The matter before the Court:- The Court was hearing a PIL petition challenging the Notification dated 30th June, 2021, issued by the Home Department, Government of Manipur, which stated that the State Government proposed to relax curfew/containment zone orders in the future in a calibrated manner by assessing the Covid infection scenario.
Further, it said that while opening up, without compromising public health safety, the Government considered it prudent to prioritize the opening of institutions, organizations, factories, shops, markets, private offices, etc., where employees and workers were Covid vaccinated.
The Government further stated that this would also apply to NREGA job cardholders and workers of Government/ private projects.
Court's observations: Prima facie, the Court found that the notification was an attempt to make vaccination mandatory as it favored those who are vaccinated, not only in terms of prioritizing the opening up of their institutions, organizations, etc., but also by linking vaccination as a condition precedent for employment of NREGA job cardholders and workers in Government and private projects.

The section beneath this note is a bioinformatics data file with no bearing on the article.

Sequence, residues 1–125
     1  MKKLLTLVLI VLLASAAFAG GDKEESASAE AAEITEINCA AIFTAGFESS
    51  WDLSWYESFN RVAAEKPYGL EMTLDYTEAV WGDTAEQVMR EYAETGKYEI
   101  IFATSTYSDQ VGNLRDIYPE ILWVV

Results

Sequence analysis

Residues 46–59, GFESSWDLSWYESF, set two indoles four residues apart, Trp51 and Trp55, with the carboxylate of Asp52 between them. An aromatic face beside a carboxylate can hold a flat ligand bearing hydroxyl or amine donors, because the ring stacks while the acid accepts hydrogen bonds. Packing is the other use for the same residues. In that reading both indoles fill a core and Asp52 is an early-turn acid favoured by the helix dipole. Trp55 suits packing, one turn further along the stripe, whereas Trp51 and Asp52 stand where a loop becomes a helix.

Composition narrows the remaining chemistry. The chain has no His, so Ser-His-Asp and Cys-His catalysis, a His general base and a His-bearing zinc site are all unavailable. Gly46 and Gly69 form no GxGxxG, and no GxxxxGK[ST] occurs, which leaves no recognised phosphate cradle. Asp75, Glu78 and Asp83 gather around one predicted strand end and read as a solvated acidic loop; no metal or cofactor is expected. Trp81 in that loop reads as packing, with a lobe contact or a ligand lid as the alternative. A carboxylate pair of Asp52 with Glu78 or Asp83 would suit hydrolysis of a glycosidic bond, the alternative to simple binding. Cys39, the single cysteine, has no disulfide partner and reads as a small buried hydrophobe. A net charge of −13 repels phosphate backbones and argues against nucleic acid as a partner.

Significantly, the Court opined: "It is for the State Government to dispel such fears by educating people as to the advantages of getting vaccinated and erase their apprehension of the adverse consequences of getting vaccinated. Without addressing this issue, the State cannot seek to impose conditions upon the citizens so as to compel them to get vaccinated, be it by holding out a threat or by putting them at a disadvantage for failing to get vaccinated."
A division bench comprising of Chief Justice Biswanath Somadder and Justice HS Thangkhiew observed thus: "Article 21 encompasses within its fold, right to health, as a fundamental right. By that same analogy, right to health care, which includes vaccination, is a fundamental right.
However, vaccination by force or being made mandatory by adopting coercive methods, vitiates the very fundamental purpose of the welfare attached to it. It impinges on the fundamental right(s) as such, especially when it affects the right to means of livelihood which makes it possible for a person to live."
Source: Bar & Bench
3. Excludes Young Successful Advocates; Arbitrary & Discriminatory' : Supreme Court Strikes Down Minimum Age Limit Of 50 Years For Appointment As Tribunal Members
The Supreme Court has held by 2:1 majority that the minimum age limit of 50 years prescribed by the Tribunals Reforms(Rationalization and Conditions of Service) Ordinance 2021for appointment as members in various tribunals to be "arbitrary and discriminatory".